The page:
After obtaining the segmentation of the left atrium in the DE-MRI image, we produce a visualization of the ablation scar by simply projecting the DE-MRI data onto the left atrium surface. We restrict the projection to only use image voxels within the empirically determined distance of 7mm of each side of the left atrium surface. Figure 4 below illustrates the maximum intensity projection results for one subject. In addition, we automatically threshold these projection values by computing the 75th percentile and show the resulting visualization as well. For comparison, we also project the expert manual scar segmentation onto the same left atrium surface.

Figure 4: Comparison of projections of DE-MRI data and manual scar segmentation onto left atrium surface. Circled area indicates acquisition artifact that causes non-scar tissue to be appear enhanced in the DE-MRI image.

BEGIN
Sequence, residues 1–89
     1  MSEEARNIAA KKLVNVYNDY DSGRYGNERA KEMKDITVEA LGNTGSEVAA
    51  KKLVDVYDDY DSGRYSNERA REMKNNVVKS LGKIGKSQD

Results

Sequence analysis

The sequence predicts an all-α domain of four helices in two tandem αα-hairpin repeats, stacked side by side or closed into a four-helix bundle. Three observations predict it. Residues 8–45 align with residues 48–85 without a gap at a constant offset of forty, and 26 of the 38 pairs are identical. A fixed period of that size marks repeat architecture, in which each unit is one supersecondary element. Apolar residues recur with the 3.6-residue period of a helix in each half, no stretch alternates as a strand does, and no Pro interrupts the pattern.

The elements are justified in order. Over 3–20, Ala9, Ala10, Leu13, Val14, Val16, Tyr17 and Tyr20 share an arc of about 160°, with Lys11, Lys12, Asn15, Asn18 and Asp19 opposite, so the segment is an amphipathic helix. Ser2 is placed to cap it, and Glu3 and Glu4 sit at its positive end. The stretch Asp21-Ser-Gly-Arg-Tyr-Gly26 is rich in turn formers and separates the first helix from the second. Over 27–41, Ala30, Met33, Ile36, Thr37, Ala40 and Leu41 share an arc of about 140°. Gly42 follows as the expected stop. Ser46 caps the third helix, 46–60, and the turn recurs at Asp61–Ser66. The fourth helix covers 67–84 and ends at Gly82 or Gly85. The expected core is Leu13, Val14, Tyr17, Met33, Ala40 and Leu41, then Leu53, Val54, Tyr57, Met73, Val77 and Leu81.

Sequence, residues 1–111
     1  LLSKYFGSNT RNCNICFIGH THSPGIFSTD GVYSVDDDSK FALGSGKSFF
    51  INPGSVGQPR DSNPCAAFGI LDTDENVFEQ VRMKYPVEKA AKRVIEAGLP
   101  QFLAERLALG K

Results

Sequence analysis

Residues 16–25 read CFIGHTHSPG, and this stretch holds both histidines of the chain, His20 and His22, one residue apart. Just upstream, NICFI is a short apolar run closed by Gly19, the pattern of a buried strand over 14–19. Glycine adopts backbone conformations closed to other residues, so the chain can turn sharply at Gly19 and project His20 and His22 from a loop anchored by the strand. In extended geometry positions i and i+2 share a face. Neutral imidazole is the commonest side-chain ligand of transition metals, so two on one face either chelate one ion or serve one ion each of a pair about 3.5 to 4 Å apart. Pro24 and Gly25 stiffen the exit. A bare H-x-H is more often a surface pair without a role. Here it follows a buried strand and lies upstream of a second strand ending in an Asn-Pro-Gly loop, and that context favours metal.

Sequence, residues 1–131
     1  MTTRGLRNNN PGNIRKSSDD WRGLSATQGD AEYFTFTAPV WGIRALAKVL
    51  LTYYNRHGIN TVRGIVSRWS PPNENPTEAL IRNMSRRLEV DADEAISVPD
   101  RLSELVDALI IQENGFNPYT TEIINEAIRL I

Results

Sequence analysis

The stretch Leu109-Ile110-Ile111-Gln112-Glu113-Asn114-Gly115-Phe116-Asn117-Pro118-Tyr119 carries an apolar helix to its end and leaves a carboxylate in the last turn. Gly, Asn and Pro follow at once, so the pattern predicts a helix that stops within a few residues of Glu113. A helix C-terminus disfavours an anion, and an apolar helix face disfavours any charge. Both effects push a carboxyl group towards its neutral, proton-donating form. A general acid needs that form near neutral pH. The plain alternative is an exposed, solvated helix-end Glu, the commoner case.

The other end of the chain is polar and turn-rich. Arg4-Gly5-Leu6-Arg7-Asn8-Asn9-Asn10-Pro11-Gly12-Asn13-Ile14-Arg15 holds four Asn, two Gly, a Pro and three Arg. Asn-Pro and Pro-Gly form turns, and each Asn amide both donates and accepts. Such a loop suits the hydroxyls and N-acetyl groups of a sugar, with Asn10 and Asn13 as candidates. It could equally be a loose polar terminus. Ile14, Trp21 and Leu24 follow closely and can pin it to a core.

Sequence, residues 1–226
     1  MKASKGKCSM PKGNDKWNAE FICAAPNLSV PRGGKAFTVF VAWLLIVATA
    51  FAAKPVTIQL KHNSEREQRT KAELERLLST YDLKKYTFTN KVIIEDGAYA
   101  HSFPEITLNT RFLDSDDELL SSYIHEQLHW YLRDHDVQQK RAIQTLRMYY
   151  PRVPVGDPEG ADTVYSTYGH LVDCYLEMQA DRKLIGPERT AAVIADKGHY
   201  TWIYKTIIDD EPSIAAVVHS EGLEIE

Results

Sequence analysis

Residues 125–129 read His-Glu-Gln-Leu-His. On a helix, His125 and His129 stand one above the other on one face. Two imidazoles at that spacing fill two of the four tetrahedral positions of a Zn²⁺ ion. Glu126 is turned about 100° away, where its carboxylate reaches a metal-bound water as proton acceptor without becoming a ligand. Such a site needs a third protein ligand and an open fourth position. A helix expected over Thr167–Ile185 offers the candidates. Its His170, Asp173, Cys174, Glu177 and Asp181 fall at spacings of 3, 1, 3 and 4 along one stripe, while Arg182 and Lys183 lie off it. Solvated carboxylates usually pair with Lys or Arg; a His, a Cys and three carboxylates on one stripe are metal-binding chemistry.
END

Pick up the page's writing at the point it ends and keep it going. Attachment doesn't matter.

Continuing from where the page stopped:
We confirm visually that the thresholded projection values correlate well with the manual scar segmentations. Nevertheless, there is one area, which we circled in the figure, where these two differ considerably. This discrepancy is due to an imaging artifact caused by the acquisition protocol and is likely to present in any intensity-based algorithm.


We visualize the ablation scars by performing a maximum intensity projection of the DE-MRI image onto the automatically generated surface of the left atrium. The visualization is further improved by thresholding the projection. We showed visually that both visualizations correlate well with the expert manual segmentation of the ablation scars.


[1] Nonparametric Mixture Models for Supervised Image Parcellation, M.R. Sabuncu, B.T.T. Yeo, K. Van Leemput, B. Fischl, and P. Golland. PMMIA Workshop at MICCAI 2009.

[2] Diffeomorphic demons: Efficient non-parametric image registration. Vercauteren, T., Pennec, X., Perchant, A., Ayache, N. NeuroImage 45(1), S61–S72 (2009)

Key Investigators

  • BWH: Ehud Schmidt and Ron Kikinis


NA-MIC Publications Database on Segmentation and Visualization for Cardiac Ablation Procedures